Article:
If you are a WOG*, this book will give you an insight into the making of one of the most successful mind control cults in this sector of the universe.
If you are an SP, this book will acknowledge your bravery for daring to stand up to someone who practiced Magik, stole from friends, was promiscuous, took drugs, mistreated his children, lied about his past, purged himself, was on the run from the Law and who thoroughly destroyed anyone who criticized him.
Jon Atack was a very brave man, who in the face of the evil power of "Fair Game" doctrine as practiced by the thought police department of Scientology; took them on anyway so that he could warn others. - Thank you Jon :)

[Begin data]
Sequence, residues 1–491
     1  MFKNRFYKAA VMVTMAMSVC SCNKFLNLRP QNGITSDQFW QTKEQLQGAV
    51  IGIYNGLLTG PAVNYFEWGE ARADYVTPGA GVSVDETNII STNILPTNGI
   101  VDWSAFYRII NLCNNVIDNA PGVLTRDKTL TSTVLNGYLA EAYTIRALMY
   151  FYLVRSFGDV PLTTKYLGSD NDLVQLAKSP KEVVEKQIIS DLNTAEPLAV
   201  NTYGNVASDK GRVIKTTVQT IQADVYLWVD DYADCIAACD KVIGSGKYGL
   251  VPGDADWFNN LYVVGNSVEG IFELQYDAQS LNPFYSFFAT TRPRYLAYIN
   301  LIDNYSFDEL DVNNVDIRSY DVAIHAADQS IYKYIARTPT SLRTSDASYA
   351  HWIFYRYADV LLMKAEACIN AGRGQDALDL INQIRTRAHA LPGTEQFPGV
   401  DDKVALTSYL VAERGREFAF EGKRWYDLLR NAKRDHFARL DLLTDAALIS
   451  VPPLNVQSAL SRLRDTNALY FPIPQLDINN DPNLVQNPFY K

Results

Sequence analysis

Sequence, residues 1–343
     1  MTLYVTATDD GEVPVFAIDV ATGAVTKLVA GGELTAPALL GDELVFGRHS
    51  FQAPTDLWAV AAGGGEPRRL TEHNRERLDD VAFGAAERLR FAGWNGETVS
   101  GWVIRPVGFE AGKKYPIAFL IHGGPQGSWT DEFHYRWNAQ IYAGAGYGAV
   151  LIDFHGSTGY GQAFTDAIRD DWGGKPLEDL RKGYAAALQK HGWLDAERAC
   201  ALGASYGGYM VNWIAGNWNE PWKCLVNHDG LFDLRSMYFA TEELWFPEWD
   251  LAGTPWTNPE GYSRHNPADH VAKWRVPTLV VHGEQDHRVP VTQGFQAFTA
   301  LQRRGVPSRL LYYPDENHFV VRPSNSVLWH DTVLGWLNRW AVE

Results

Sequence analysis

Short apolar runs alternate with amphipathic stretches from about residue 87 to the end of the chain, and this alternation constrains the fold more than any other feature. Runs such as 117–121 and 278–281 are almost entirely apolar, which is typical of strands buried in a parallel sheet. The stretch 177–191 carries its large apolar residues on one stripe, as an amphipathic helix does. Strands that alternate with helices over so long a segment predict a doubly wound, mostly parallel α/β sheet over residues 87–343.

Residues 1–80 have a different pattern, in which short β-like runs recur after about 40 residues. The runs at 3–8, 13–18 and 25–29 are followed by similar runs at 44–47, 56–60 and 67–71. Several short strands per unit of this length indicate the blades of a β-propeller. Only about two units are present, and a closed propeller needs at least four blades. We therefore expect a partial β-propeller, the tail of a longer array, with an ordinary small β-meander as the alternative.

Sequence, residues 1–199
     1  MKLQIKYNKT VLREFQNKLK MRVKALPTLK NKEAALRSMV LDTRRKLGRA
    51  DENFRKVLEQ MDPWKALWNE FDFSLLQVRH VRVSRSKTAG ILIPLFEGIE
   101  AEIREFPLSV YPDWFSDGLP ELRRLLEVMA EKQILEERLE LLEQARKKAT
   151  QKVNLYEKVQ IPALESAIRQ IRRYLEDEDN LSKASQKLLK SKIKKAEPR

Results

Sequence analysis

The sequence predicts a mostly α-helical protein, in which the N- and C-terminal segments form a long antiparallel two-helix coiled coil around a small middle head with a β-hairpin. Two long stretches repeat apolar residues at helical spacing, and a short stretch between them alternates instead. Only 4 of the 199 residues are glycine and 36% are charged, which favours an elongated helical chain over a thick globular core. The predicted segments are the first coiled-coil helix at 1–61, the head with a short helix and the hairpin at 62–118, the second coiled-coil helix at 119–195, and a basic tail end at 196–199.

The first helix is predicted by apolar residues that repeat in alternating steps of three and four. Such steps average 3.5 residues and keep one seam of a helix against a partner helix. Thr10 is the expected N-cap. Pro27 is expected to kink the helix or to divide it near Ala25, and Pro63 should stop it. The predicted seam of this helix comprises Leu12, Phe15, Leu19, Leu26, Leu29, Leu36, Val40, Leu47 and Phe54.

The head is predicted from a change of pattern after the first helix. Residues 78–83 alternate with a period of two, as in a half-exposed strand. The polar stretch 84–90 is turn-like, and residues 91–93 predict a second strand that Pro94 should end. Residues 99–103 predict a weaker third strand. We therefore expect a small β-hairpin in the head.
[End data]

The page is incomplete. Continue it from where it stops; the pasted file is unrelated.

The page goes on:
Read his book, and if you have friends or family trapped in this cult, or who are thinking about joining, give them a copy – you could save their lives.
* If you are not a believer, you are a wog; a common ordinary run-of-the-mill garden-variety humanoid.